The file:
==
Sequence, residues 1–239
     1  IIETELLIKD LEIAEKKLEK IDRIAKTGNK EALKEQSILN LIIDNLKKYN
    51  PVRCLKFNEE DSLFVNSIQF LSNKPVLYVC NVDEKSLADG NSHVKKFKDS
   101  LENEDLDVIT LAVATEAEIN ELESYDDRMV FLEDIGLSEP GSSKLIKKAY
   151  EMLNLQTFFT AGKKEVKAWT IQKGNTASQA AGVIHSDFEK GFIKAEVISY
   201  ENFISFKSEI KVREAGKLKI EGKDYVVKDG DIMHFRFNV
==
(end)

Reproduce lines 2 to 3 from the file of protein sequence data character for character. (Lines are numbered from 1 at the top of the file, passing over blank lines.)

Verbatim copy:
     1  IIETELLIKD LEIAEKKLEK IDRIAKTGNK EALKEQSILN LIIDNLKKYN
    51  PVRCLKFNEE DSLFVNSIQF LSNKPVLYVC NVDEKSLADG NSHVKKFKDS